Image: Hands protecting a small model home from dominos

Soft-story retrofits in California are estimated to cost between $14,000 to $28,000. While the ESS grant program helps offset those costs, there are additional benefits to participating.

First, soft-story retrofits may significantly improve your home’s resistance against earthquake damage. Soft-story retrofits help address the inherent weaknesses of soft-story construction by strengthening your home’s foundation and walls and adding additional structural supports.

Participating in the ESS program can help protect your family, while also providing the peace of mind that comes from knowing that your home is better prepared for tremors.

Finally, the ESS program helps improve community resilience by strengthening individual houses. Your participation in the ESS program helps create a more earthquake-resistant California.

Take Action: How to Apply for an ESS Grant

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If your house qualifies for an ESS grant, you should act immediately to help protect your home from the next big earthquake.

ESS registration is only available during certain times of the year, but you can sign up to receive updates about the program at any time. Visit the ESS Registration page to sign up for updates so you can get notified when program registration opens again.

In the meantime, you can get additional information on the ESS program by viewing the ESS Program Step by Step Instructions (PDF), and the ESS Homeowner Retrofit Guide (PDF).

Other Retrofit Grants: The Earthquake Brace + Bolt Program

If you don’t qualify for an ESS grant, you may be eligible for a different retrofit grant. Visit our page on Earthquake Retrofit Grants to learn about Earthquake Brace + Bolt retrofit grants.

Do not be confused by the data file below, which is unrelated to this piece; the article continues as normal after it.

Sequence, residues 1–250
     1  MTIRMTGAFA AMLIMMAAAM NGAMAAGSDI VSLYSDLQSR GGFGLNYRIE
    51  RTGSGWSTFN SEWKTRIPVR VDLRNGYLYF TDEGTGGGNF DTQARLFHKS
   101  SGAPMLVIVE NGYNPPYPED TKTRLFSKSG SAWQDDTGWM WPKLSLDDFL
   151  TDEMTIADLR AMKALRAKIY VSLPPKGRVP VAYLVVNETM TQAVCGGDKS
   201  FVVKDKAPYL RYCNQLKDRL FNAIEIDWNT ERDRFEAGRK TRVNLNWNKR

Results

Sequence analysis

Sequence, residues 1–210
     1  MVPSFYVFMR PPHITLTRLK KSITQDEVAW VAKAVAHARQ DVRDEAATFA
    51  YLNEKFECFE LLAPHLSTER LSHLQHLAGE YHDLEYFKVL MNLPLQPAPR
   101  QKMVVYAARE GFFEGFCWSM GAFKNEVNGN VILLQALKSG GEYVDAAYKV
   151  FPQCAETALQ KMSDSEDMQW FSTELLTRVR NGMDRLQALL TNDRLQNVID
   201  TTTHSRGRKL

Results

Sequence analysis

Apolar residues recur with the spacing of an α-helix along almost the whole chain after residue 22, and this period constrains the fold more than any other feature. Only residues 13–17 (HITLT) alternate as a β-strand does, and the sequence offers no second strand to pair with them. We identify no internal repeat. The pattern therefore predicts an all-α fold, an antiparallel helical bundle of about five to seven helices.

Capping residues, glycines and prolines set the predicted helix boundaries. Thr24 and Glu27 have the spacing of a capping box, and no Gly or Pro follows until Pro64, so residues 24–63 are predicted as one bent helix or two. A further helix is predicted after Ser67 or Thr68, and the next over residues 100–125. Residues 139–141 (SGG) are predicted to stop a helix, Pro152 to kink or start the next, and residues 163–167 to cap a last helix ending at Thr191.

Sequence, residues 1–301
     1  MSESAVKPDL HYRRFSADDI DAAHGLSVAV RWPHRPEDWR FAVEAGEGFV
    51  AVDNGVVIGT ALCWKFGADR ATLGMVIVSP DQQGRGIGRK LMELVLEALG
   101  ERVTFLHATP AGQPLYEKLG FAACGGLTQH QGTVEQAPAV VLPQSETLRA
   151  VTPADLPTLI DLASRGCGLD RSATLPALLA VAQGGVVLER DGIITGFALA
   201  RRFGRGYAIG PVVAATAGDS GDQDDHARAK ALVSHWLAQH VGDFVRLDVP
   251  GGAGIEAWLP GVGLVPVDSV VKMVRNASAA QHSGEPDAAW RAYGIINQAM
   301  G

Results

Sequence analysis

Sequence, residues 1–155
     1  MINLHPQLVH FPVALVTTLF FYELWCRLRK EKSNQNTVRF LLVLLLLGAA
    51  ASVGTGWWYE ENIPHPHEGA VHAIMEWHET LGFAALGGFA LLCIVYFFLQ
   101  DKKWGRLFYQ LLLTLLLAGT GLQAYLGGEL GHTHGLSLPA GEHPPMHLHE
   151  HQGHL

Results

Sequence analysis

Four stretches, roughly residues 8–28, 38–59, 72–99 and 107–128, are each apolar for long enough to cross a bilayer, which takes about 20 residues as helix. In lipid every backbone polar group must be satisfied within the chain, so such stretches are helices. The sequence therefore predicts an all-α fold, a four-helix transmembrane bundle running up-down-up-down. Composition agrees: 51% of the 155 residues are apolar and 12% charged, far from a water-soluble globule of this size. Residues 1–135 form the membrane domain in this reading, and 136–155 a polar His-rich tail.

This program has different requirements than the ESS grant program, as it was designed to provide funds for raised foundation homes built before 1980.

Other Forms of Financial Help for Retrofits

Some California homes don’t qualify for either ESS grants or EBB grants, but there are other sources of funding.

Many California cities and local governments offer other forms of financial aid that can help cover the costs of earthquake retrofits, including incentives and rebates that may be used to offset the costs of strengthening your home.

Visit How to Pay for an Earthquake Retrofit to view the latest list of local financial assistance programs.

Where to Learn More About Earthquake Retrofits

For additional information about earthquake retrofits, be sure to read our recent blog posts:

How to Protect Your Home & Your Family from Earthquakes

Image: Contents of an earthquake emergency kit: first aid items, flashlight, batteries, water, lamp, radio, can opener

To help protect your home and your loved ones from the serious threat posed by earthquakes, consider creating an Earthquake Emergency Plan. This plan should include reading our 7 Essential Earthquake Safety Tips and building your own Earthquake Emergency Kit .

Remember that earthquake preparedness can save lives, and the best time to prepare for the next big California earthquake is well before the ground begins to shake!

Visit our Seismic Strong Blog for more tips, advice, and information about earthquakes.

*The earthquake likelihoods described in this blog are based on a 30-year period, beginning in 2014, from the Third Uniform California Earthquake Rupture Forecast (UCERF3).